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[e-drug] Logistics systems in the less developed world (5)

E-DRUG: Logistics systems in the less developed world (5)
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Logistics and Procurement and Supply Management in essential medicines 
programs are widely recognised as needing attention.

I wish to make a few points based on my own experiences.

Efficient management of all parts of the procurement cycle is important  
but I believe accurate quantification is the key to reliable maintenance 
of stock.

Stock-outs are common. Staff, communities and the media complain.  
Stock-outs are blamed on long lead times (eg 6 months), poor supplier 
performance, not enough money from finance or slow release of funds, 
even corruption    .......
I believe the problem is basic housekeeping - like working out much milk 
you need to keep in the fridge.

Sometimes an allocation system that has been in place for a long time 
has been partly responsible for the stock-outs - and for over stocks and 
expiry.  A standard allocation system can breed bad record keeping. In 
some cases, at the national or program level there have been allocations 
for procurement set in stone for years and the procurement people are 
often not pharmacy people - they just look at and order numbers.

Staff working in remote and less remote clinics include nurses, pharmacy 
assistants and other health workers. Medicines management is unlikely to 
have been part of their formal training.
It has been found that staff in some cases had not previously thought 
there could be a link between what is used and how records are kept and 
their stock maintenance.

A reliable supply of essential medicines is possible.
How do you achieve that?
The use of an essential medicines list based on standard treatment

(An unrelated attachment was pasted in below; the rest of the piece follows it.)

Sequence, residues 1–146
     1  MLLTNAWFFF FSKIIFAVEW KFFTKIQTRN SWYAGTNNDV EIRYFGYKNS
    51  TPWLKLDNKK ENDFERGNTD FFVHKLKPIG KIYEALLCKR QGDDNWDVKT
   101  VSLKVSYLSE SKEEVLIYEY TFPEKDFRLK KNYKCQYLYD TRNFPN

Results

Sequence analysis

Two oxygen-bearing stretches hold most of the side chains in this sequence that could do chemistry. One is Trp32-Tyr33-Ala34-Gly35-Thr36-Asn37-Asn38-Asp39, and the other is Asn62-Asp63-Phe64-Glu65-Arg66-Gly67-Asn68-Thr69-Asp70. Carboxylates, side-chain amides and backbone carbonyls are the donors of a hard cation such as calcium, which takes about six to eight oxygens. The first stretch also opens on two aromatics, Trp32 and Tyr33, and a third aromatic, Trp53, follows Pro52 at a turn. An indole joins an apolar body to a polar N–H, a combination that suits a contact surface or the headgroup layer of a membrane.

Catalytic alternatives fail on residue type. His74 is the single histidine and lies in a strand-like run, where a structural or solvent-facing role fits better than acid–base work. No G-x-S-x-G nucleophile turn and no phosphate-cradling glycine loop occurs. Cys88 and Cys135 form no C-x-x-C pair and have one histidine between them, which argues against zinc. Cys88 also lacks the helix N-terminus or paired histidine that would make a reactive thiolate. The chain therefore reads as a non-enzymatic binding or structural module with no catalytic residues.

guidelines is not only the most efficient way to use the money that is 
available and to provide safe and reliable treatment, it can also ensure 
that appropriate medicines will always be available.

Well kept patient records and stock records are the basis of reliable 
supply both to the individual health facilities and to the main medical 
store.
Adherence to the standard treatment guidelines and documentation of 
patient's medication prescription provides important information on 
which to base procurement of future supplies. Aggregation of the 
information from health facilities can enable quanitification for a 
whole program. (Of course buffers are needed for program expansion or 
emergencies.)

To be able to predict what will be used in the future it is imperative 
that medicines are used according to standardised guidelines.If 
prescribers continue to prescribe outside the guidelines it is 
impossible to predict future needs.Procurement of reliable supplies 
depends closely on predictable use of supplies.

If records are built up as explained, a fairly good estimate of typical 
needs will develop.

One way is to calculate how much of each medicine was issued over the 
last few months. As we explained before we need to ensure that medicines 
are used appropriately and that good records are kept in the facilities 
where the medicines are used.A second way is to have a regular stock 
level of quantities to order but that stock level must have been 
calculated from records of appropriate use and it must be reviewed 
regularly.

*//*

*Beverley Snell*

Principal Fellow
Centre for International Health
Macfarlane Burnet Institute for Medical Research & Public Health
GPO Box 2284, Melbourne 8001 Australia
http://www.burnet.internationalhealth.edu.au
Telephone 613 9282 2115 / 9282 2275
Fax 61 3 9282 2144 or 9282 2100
Time zone: 11 hours ahead of GMT.
email<bev@burnet.edu.au>
Site: Alfred Medical Research & Education Precinct (AMREP),
85 Commercial Road, Prahran 3004


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